And that tonnage that is dumped “Illegally” is hard to fathom as true at all. I could see some hillbillies throwing old gas cans or paint buckets into the river at their riverside camp. But, in no way is it remotely believable that any industry or worthwhile players are driving thousands of tractor trailers worth of chemicals to a “secret” spot along the river and dumping chemicals in it illegally…

    The river is cleaner than its ever been. This is all about regulation, extra tax and permit dollars, and money. The greenies pushing this all have jobs tied into this regulation many of which are making a fortune off it. They know it doesn’t truly do an ounce of good or actually prevents chemicals from being in the river by pushing the regulatory bar any higher. The bar was set exactly where it needs to be years ago. They’re pretty much down to wanting to outlaw washing your car with soap in your driveway, not using windex to clean the outside of your windows, or using Scott’s fertilizer or weed killer to take care of your lawn.

    All this is, is regulators getting upset that they will be out of a job soon because the regulation is precisely where it needs to be now, and protects everyone. You did your job, the river is clean, people are safe and healthy, now please just pat yourself on the back and move on.

  2. Brandon says:

    Makes sense and I agree for the most part. I’m sure there is a little bit of chemicals getting into the waterways but nothing to be concerned about. If you look up that socialists website she has some very radical, aggressive, hateful, sexist, and racists views. She wrote an article on that Covington MAGA hat situation with the Indian and basically calls everyone in northern Kentucky racist, just for being white.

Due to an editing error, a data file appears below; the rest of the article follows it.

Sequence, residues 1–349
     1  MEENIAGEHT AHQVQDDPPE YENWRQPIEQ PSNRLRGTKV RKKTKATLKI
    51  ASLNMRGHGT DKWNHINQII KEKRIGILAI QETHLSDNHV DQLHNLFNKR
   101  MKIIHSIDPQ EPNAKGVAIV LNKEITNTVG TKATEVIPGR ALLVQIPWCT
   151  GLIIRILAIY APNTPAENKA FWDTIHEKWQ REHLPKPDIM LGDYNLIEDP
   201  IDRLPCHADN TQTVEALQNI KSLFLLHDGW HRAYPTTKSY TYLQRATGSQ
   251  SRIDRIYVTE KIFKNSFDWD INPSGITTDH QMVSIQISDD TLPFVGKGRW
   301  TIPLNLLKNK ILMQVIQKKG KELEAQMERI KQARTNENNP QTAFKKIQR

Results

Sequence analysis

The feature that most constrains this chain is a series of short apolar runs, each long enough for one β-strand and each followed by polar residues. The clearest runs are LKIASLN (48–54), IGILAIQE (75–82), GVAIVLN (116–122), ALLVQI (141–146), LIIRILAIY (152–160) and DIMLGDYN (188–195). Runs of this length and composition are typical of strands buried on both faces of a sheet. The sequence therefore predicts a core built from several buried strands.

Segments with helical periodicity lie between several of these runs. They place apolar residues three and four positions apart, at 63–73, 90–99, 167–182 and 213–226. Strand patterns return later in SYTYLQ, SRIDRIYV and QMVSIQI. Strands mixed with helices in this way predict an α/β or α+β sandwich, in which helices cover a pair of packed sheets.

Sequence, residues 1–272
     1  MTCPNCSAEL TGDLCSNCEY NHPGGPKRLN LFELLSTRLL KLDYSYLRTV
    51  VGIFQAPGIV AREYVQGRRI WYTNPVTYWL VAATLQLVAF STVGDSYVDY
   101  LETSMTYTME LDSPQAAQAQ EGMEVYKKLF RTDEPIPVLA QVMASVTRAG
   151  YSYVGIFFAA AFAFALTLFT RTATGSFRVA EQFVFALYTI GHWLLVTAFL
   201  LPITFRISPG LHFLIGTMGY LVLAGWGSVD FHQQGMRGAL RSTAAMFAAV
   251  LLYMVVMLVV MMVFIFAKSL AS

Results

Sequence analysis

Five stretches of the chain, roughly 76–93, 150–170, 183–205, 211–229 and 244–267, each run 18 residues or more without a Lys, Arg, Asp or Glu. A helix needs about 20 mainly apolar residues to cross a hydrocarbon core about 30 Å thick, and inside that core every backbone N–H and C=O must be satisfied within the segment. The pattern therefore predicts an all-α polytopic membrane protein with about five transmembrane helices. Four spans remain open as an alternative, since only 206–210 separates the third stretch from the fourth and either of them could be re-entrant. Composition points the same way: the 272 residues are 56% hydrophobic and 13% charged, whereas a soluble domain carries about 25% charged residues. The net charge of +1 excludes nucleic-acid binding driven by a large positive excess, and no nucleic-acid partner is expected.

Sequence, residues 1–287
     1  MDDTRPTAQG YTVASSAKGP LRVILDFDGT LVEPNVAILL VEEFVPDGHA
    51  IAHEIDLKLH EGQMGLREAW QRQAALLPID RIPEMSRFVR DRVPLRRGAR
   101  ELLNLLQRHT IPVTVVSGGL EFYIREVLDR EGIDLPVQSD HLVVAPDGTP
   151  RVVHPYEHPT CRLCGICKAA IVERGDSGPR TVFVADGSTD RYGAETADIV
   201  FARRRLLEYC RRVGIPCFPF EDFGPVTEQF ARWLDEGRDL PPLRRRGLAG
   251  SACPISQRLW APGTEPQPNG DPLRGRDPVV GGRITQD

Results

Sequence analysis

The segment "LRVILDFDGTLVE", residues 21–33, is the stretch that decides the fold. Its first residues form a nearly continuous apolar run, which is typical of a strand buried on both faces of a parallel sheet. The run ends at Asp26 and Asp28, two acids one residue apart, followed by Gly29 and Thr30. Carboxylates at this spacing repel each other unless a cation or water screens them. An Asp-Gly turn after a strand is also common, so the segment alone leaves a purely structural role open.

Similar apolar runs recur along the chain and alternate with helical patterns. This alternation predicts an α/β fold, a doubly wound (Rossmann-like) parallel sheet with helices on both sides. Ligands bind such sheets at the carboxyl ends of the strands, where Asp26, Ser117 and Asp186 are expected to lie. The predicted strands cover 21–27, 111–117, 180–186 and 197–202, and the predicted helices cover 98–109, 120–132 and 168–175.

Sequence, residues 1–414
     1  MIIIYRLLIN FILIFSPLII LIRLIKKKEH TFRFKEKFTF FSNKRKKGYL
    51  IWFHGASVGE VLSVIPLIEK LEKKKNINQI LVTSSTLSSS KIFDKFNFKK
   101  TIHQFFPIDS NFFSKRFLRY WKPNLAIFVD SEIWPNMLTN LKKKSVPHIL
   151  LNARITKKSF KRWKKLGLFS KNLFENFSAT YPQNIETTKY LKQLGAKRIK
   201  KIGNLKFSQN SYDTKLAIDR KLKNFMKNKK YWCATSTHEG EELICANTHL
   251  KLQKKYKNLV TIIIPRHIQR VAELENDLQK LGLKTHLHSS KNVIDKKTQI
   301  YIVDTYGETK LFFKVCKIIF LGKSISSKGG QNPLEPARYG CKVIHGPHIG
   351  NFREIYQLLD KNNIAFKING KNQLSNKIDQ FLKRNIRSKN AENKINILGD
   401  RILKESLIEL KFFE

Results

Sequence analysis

Tribune, please don’t cite racist, hateful people.
    I hope that as your grow you will keep neutral and un-biased. And If you do quote a radical from one side of the aisle or the other, please include in that same article and different view point from the opposite side.
    It’s tough if you think about it because these environmental people don’t have to worry about their jobs. They either work for the government, a non profit, for an agency, for a university, or for a quasi-government regulator and can’t be put out of business (for now) or have there wages or retirements lowered.
    They don’t produce any goods or services that contribute to a market or society or for the good of the people. They really just try to bring down productions and drive up costs of goods, and lower people wages and job opportunities by doing so. So much for academia
    And they don’t have to care about rising prices of goods because they don’t drive cars, they don’t use electricity, they make their own clothes, they don’t use medicine, and only eat out of the gardens in their back yards.
    The majority of people out there are just working a honest living in the private industry and keep losing jobs or losing pay because environmental people keep beating up there employers for no good reason. These same people enjoy the simple things in life like electricity, power, cars, houses, food to stay healthy, water, clothes, medicine, and basically anything else that is a product of capitalism and fossil fuel energy that is mostly clean. I don’t think people want to give up on these things and go back in time a couple hundred years. They wish like anyone else that we could have all renewables, but increasing utility bills by 300%+, having large scale power outages for prolonged periods of time, and the basic fact that it’s technologically and physically impossible to have even ½ of our energy come from renewables isn’t what they want to try for.